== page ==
Once upon a time fruit trees could be found in every New Zealand garden. With today’s smaller gardens it is more difficult to find space, but with careful selection they can fit.
Citrus don’t take up a lot of space. Without doubt, citrus trees are the most popular fruit grown in home gardens.
And no wonder considering the usefulness of the fruit, the attractiveness of the tree and the ease of growing them.
At a Glance
- Plant in a warm, sunny position
- Need a free-draining soil
- Require lots of food
- Give deep watering in Summer
Citrus have always been popular. They are vitamin rich, great tasting, can be picked progressively over quite a long time and are relatively easy to grow.
Early Mandarins begin to ripen from early June with oranges grapefruit and lemons holding on until November. This winter/early spring fruiting makes citrus so valuable when other fruit is more expensive.
They are also very attractive trees with their glossy green leaves, fragrant blossom in spring and coloured fruit in winter.
Where to Plant
Citrus will grow in warm or mild climate zones. Providing frosts are not severe they will tolerate cool conditions. They will thrive in hot inland conditions providing they have water.
They require a sunny position, protected from cold winds. Citrus prefer a sandy or loam soil. They will tolerate clay soils providing they are planted on a raised area with lots of compost mixed into the soil.
In cold climates citrus can be grown in pots in glasshouses and conservatories. Also, use frost cloth for added winter protection.
When to plant
Citrus trees are available most of the year and can be planted anytime, provided they are watered regularly in summer.
Citrus are big feeders! A moderately sized mature tree requires at least 500g of Tui General Garden or Citrus and Fruit Tree Fertiliser each year. Two thirds of this should be applied in late winter and one third in January. Pelletised Sheep Manure is a good alternative.
Do not cultivate under citrus trees though as their feeding roots are relatively close to the surface. For citrus grown in pots, use Burnett’s Citrus Food.
Citrus must be watered regularly through spring and summer. Irregular watering can cause fruit drop and fruit splitting, not to mention reduced yield and dry fruit.
A layer of mulch spread over the surface under citrus trees will conserve moisture and improve performance. Take care, however, to keep mulch away from the base of the tree trunk.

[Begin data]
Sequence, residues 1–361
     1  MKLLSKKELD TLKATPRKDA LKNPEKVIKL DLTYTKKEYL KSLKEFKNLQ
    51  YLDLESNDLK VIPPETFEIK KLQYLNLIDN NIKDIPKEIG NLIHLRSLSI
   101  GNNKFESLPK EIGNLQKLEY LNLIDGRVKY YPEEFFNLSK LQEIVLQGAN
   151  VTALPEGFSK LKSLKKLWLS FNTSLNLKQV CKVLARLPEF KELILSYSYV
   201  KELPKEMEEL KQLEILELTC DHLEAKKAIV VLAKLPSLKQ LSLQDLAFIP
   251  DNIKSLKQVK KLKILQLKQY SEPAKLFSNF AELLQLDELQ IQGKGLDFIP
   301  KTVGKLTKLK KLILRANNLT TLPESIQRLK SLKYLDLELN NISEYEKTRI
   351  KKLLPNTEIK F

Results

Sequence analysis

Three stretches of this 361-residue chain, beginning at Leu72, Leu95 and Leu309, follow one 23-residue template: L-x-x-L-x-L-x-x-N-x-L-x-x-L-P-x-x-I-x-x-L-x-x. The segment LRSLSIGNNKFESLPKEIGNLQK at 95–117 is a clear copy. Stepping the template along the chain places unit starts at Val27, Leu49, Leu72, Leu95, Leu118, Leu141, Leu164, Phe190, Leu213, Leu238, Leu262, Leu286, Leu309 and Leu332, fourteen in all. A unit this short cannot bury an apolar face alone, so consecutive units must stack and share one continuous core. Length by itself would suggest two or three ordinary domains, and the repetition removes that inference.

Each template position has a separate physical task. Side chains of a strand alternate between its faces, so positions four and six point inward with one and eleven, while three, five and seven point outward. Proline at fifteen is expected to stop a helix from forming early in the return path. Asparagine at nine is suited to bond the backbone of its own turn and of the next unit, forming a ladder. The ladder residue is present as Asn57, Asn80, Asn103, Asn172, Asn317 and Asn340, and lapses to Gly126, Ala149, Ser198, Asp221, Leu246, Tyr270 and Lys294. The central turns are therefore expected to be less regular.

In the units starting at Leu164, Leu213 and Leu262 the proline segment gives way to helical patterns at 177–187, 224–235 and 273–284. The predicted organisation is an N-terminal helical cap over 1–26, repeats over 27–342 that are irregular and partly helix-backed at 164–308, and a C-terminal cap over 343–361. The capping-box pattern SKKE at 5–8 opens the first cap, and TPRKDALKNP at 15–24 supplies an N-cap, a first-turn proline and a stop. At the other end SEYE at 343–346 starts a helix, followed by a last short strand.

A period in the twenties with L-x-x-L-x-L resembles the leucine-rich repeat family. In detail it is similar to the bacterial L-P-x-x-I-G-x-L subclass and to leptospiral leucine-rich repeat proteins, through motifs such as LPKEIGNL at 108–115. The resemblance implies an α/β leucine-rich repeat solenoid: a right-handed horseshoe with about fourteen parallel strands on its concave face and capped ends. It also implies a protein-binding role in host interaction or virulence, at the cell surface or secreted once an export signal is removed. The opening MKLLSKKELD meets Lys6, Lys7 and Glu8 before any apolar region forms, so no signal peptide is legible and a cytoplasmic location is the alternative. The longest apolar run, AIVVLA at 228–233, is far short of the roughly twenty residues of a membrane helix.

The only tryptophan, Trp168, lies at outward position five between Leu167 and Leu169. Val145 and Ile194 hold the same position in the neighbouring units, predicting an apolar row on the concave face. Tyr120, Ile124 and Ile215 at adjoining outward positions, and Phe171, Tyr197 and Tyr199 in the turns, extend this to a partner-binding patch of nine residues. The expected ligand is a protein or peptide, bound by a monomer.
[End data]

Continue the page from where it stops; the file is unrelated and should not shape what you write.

Pests and Diseases
Citrus trees are relatively free of insect pests but occasionally can be attacked by scale insects, aphids and mites. Yates Mavrik controls all these pests.
Sooty moulds are fungi which cover plant leaves, stems and twigs in a black sticky substance. In almost all cases, the sooty mould is secondary to an infestation of insects that secrete honeydew. These insects include aphids, scale, mealybugs and white flies. Treating the insects will remove the source of the honeydew and dry up the sooty mould, which will eventually fall or wash off the foliage. The mould itself does not feed on the plant, however as it covers the leaf surface, it is blocking light and reducing photosynthesis, essential for plant growth. Yates Confidor or Conqueror Oil are good solutions for controlling scale.
Verrucossis, a fungal disease which sometimes attacks lemons causing rough fruit, is controlled by spraying with Yates Champ Copper.
Citrus tend to be self shaping and so need little pruning. Some mandarin varieties become a little thick and benefit from some thinning out. Lemon trees can sometimes require pruning back to make them more compact and easily manageable. Make sure that any shoots below the graft are removed. These are easily identified as they have different foliage. Citrus fruit on new season’s growth.
Making your selection
Meyer variety is most popular because of its reliable high yield over an eight month picking period. The fruit is of medium size and sweeter than other varieties. Lisbon and Eureka are more acid. Yen Ben is an improved selection of Lisbon for those wanting a ‘real’ lemon for cooking.
Golden Special is the traditional grapefruit with pale orange skin and a strong grapefruit taste. Excellent for those who like a strong marmalade. Ripens from July to October. Wheeny is a larger sweeter variety ripening from October to December and is inclined to biennial cropping.
This very sweet lemon, tasting like delicious lemonade, and deserves its increasing popularity. Ripens during spring.
Limes have become very popular in recent years. Most popular is the Tahitian Lime or selections such as Bears Lime. Kaffir Limes are mainly grown for the leaves, an essential ingredient in Asian cuisine. Limes need protection from frost until established. They will not tolerate heavy frosts.
NZ navel oranges are rated very highly compared to imported oranges for flavour and are reliable in warmer climates of NZ. They ripen from October to December in most areas.
Silverhill (a Satsuma selection) is the earliest, ripening from July onwards and is a very easy peal. Miho is a new early ripening easy peel which begins cropping as a young tree and has more flavour. Clementine has good flavour, is a high yielding reliable cropper, ripening from August to October, but is not an easy peel.